Foster fight continues: 'There's a good chance this is going to work'

Foster fight continues: 'There's a good chance this is going to work' »Play Video
Foster parents Brenda Lincoln and Willie Norman were hoping to adopt a brother and sister who had been living with them for two and a half years, but DHS pulled the children from their home in October.

PORTLAND, Ore. – Two children who were ripped from their foster parents by the state now find themselves out of a home again. KATU has been following their plight for months.

Despite many hurdles, there is now a strong ray of hope for their future.

If Aubrey Gambrel can stay on the path to sobriety she may one day get her 12-year-old son and 11-year-old daughter back from the state.

“There’s a good chance this is going to work,” said Judge Susan Svetkey. “I think if these kids have any chance of recovery, this is the way it’s going to happen.”

But there are still serious concerns about how the Department of Human Services plan for the kids went down in flames.

In the fall the kids were removed from the home of foster parents Brenda Lincoln and Willie Norman, despite the judge's outrage.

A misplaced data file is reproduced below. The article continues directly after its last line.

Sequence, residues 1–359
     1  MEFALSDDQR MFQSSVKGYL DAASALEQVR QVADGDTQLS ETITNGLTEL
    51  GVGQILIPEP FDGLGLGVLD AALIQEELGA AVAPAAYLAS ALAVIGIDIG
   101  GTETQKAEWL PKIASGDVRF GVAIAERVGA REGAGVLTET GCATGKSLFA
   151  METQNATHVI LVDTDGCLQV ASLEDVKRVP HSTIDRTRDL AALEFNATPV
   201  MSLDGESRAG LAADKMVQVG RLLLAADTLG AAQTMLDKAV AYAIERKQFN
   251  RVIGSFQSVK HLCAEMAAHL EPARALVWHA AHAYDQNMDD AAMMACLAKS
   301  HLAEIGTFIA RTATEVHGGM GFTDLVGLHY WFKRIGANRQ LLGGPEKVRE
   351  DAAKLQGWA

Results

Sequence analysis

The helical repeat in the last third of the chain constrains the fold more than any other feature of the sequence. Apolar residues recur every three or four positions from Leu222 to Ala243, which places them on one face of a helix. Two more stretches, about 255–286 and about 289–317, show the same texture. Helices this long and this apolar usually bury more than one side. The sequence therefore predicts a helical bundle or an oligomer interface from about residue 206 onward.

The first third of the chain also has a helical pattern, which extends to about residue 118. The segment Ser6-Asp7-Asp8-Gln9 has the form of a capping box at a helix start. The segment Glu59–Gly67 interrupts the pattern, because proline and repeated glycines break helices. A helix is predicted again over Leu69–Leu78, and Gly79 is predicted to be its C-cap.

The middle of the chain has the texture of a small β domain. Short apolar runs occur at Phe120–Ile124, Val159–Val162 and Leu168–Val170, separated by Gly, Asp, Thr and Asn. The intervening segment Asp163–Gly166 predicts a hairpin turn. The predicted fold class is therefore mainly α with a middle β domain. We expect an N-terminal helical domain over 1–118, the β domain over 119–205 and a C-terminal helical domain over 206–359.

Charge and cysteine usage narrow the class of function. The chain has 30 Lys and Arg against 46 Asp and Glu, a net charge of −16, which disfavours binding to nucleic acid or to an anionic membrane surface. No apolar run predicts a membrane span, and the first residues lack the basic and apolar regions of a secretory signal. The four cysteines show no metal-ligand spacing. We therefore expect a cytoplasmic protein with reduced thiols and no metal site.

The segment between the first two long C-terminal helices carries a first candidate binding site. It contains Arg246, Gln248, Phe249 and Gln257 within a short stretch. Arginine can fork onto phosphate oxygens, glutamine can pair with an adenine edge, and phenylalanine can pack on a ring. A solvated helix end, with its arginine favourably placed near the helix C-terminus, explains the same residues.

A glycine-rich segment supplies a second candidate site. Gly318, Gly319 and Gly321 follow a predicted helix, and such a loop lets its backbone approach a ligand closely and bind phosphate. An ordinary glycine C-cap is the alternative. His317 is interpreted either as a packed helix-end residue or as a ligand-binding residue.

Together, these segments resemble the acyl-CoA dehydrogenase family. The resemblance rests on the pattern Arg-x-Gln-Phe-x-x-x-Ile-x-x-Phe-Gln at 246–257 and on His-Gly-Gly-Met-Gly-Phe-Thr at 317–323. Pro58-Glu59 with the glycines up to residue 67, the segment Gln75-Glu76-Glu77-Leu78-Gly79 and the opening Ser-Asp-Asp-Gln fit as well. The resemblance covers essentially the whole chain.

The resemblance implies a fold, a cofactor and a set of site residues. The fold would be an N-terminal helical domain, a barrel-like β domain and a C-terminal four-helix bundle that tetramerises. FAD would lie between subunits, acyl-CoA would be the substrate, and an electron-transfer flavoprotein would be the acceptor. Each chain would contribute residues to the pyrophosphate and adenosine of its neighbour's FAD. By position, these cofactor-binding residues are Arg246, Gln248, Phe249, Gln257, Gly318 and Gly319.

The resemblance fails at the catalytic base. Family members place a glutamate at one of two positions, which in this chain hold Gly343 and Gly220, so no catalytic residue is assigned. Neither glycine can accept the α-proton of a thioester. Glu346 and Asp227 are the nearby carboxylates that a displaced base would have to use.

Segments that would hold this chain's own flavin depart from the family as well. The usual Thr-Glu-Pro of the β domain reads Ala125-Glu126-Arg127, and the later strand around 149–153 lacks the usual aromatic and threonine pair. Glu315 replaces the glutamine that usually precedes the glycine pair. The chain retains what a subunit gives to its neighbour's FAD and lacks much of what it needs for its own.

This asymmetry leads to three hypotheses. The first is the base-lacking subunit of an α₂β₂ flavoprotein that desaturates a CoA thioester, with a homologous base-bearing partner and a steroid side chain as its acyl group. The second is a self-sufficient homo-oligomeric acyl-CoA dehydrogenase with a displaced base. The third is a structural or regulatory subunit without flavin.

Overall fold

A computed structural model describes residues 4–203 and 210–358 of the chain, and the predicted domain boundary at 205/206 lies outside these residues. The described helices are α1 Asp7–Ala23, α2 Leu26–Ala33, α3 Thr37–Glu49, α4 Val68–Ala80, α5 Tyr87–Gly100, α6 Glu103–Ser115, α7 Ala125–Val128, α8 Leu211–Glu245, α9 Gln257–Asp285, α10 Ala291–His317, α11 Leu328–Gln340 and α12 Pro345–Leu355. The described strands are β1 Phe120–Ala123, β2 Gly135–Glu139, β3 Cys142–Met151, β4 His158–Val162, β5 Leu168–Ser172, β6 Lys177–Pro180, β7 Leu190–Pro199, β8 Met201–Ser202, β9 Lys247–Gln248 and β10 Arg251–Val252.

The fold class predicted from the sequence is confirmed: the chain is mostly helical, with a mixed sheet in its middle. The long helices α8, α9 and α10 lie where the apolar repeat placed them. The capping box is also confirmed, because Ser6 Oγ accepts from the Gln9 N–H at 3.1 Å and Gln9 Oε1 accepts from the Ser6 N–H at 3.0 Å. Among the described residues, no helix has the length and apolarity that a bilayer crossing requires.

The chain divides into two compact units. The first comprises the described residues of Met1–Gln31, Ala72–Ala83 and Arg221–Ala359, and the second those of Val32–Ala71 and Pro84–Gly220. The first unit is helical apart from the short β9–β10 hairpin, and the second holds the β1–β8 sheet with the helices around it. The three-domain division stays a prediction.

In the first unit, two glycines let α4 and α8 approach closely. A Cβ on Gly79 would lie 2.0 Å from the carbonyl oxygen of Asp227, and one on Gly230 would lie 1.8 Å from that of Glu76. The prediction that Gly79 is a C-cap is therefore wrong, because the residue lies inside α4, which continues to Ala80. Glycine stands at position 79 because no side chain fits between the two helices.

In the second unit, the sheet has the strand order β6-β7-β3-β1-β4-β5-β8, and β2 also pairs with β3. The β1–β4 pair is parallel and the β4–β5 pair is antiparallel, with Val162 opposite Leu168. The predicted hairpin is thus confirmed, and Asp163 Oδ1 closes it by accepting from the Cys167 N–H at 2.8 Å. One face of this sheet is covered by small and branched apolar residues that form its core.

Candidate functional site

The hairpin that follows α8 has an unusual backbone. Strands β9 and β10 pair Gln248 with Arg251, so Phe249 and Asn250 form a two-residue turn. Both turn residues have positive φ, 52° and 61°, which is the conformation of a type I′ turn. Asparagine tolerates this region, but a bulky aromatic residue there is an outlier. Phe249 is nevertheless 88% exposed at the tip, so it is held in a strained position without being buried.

The kids were sent to Eugene to live with a family the state said was suited for the high-needs kids. But the boy had to be placed at Jasper Mountain Safe Center for emotionally disturbed children.

That special foster family now says it can no longer care for the girl either. The state is now looking for the children’s fourth foster home in nine months.

While the children are coming back to Portland, they’re not coming back to Lincoln or Norman.

“They had to demonize us to move them to Eugene, and that was what that was all about,” said Norman. “If they were there two and a half years and they were in an abusive household, then I think they were really negligent with us for two and a half years.”

The judge also sounded off:

"Frankly, it's stunning to me,” Svetkey said. “Here we were with all the upheaval and disagreement and alarm (about moving the kids to Eugene). It's like we're starting all over again, but starting all over again with a whole new slew of damage to them. And I don't have words for that."

All in court agreed much of the tensions that have made this case so dysfunctional have been diffused. Now the children’s caseworker, Karey Menagh, has been replaced.

“It doesn’t mean they haven’t made a whole lot of mistakes to a whole lot of people, because they have,” said the children’s grandmother Joy Gambrel. “But right now, how can you miss this?”

After our original stories on this case, DHS officials promised an internal investigation. On Tuesday, we asked for an update on their investigation.

Spokesman Gene Evans said he couldn’t release any details yet, although said he might have something to release at a later date.

“It’s a useful process when things go wrong to take a look, see what happened,” Evans said, “make those corrections so it doesn’t happen again.”

Norman and Lincoln have hired a lawyer and said they plan to file a civil rights lawsuit against DHS. Some court observers have questioned if race played a role in this. Norman and Lincoln are black and the children in question are white.